So, Midway Hollow, eh?
Mature trees? Check. Affordable homes in several price ranges? Check. Good schools? Check. Healthy, involved crime watch dedicated to reducing both nuisance and violent offenses in the neighborhood? Check. Close to good shopping? Check. Near a good airport but not in the flight path? Check. Plenty of diamonds-in-the-rough to diamonds-in-the-not-so-rough to make your own? Check, check.
Which is exactly why Nathan and Ann Jane Draper of Draper Construction chose the neighborhood. They’re on their second family home here, but a drive through the neighborhood (which is bordered by Walnut Hill Lane, Midway Road, Northwest Highway and Marsh Lane) reveals many homes the Drapers have built or remodeled.
“I comb the neighborhood looking for projects,” Nathan Draper said, standing in the kitchen of one of their most recent at 4069 Park Lane. “We like staying in this neighborhood. Prices are going up, we like the feel of the homes and the neighborhood.”
Draper is also in the middle of a remodel down to the studs with a second-floor addition on nearby Saranac Drive that will sell for the mid $700s. The home on Park Lane is listed at $549,250, and has four bedrooms and three baths.
Most of the homes in Midway Hollow (the original ones, anyway) were built in the 1950s. Before that, the neighborhood was farmland. The affordability of homes now — you can still find a cute little bungalow in the mid-to-high $200’s — has made it a mecca for first-time homeowners in the past, but now more and more families are choosing to put down roots.
But those low prices have also made it attractive to developers. In 2007, Preservation Dallas listed the neighborhood as endangered due to the design of the new construction going in after older homes were torn down.
And just like many neighborhoods that are catching on in Dallas, teardowns are prevalent. But not for Draper, who says they aim to either renovate existing homes or, in the event of a teardown, build a home that is true to the character of the neighborhood.
“It’s definitely intentional that even our teardowns conform to the neighborhood,” Draper said.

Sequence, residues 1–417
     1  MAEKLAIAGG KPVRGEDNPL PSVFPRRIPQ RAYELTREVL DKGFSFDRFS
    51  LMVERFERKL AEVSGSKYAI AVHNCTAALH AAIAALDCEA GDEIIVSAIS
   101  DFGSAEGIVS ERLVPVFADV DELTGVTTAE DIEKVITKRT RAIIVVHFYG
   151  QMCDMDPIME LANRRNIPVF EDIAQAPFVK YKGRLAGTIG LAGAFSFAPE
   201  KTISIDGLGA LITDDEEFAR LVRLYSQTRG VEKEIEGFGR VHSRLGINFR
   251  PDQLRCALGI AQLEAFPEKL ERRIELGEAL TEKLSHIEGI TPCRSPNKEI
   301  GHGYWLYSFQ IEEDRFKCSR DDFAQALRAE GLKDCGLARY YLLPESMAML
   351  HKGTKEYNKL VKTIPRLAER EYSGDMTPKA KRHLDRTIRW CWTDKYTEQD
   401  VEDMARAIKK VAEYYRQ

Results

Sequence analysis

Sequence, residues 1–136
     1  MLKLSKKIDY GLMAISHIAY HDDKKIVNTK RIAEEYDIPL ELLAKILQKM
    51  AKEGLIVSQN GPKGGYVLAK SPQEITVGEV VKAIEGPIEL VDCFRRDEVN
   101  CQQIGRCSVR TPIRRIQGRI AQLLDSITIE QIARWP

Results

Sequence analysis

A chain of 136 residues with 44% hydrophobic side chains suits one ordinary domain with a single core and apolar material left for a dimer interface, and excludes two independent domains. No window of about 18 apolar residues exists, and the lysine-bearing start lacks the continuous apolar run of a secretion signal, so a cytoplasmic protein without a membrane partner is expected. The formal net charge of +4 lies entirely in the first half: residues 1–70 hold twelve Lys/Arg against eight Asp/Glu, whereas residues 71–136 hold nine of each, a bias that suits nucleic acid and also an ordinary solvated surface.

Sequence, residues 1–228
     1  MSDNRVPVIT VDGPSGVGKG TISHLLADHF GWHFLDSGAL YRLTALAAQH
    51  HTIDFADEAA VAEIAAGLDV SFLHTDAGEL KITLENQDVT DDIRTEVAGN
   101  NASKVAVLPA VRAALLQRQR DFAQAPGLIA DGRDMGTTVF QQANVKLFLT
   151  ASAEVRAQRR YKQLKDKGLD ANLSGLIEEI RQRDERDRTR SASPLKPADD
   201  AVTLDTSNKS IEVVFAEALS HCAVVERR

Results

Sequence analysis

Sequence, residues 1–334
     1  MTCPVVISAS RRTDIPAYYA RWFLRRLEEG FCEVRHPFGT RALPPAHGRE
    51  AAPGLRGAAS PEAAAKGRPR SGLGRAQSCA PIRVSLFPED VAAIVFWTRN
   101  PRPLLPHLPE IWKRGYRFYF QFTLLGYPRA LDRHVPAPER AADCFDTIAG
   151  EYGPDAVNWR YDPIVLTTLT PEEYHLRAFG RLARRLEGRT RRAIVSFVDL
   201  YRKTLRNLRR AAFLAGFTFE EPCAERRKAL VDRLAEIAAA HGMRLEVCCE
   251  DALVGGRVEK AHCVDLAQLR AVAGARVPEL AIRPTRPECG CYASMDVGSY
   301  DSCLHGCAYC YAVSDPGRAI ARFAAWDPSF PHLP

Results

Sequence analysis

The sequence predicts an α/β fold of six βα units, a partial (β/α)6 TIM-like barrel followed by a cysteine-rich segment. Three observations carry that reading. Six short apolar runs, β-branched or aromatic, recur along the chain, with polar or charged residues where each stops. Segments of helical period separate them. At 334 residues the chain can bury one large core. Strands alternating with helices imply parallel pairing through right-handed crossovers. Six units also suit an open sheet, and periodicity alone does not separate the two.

But this latest project was definitely not a teardown. With an entire wall of marble already in the living room, plenty of room and a family-friendly footprint, the Park Lane home was ripe for a remodel.
If Draper could get it, that is.
He saw the home originally as a for sale by owner — and underpriced. He put in an offer but by the time he did, someone else had snatched it up. “It sold $60,000 to $80,000 below market value,” he said.
Just a short time later, the house was back on the market — and priced higher. It was still a bargain, though, and Draper was successful this time.
As he and his crew began to work on the home, neighbors began to come by to give him bits and pieces of the home’s history. The large back room in the back? The previous owner used it for his train collection.
It is now a spacious master suite with a large walk-in closet, beautiful master bath with skylight, and a new, improved roof.
But the home’s eccentric story doesn’t stop at a train room — after all, everyone has a hobby, right? What really surprised Draper, he said, was that the house actually sat empty for 20 years — except for the owner’s collection of trains and memorabilia.
“A neighbor said the owner didn’t live here, but would come by occasionally to visit the home,” he said, and laughed. “Seems like a pretty expensive hobby if you’re devoting a whole house to it.”
The adorable midcentury modern was spruced up on the exterior with a fresh coat of paint, a reworked roofline, and returning the entry way woodwork to a natural stain. Inside, the floor plan is now open and airy in the kitchen, dining and main living area, with high-end finishes (including the aforementioned original wall of marble), hardwood floors throughout. In addition to the master suite, there are three more bedrooms and two more bathrooms, ample closet space, and a permanent storage building in the backyard. “We redid the electrical and plumbing, too,” Draper said.
The Drapers – like many builders making Midway Hollow their newest hunting ground – are pretty sold on the neighborhood. But they’re not just building here, they’re living here. A few streets over, the family of four has moved into a home just down the street from their old one, making their investments in the neighborhood not just business, but also personal.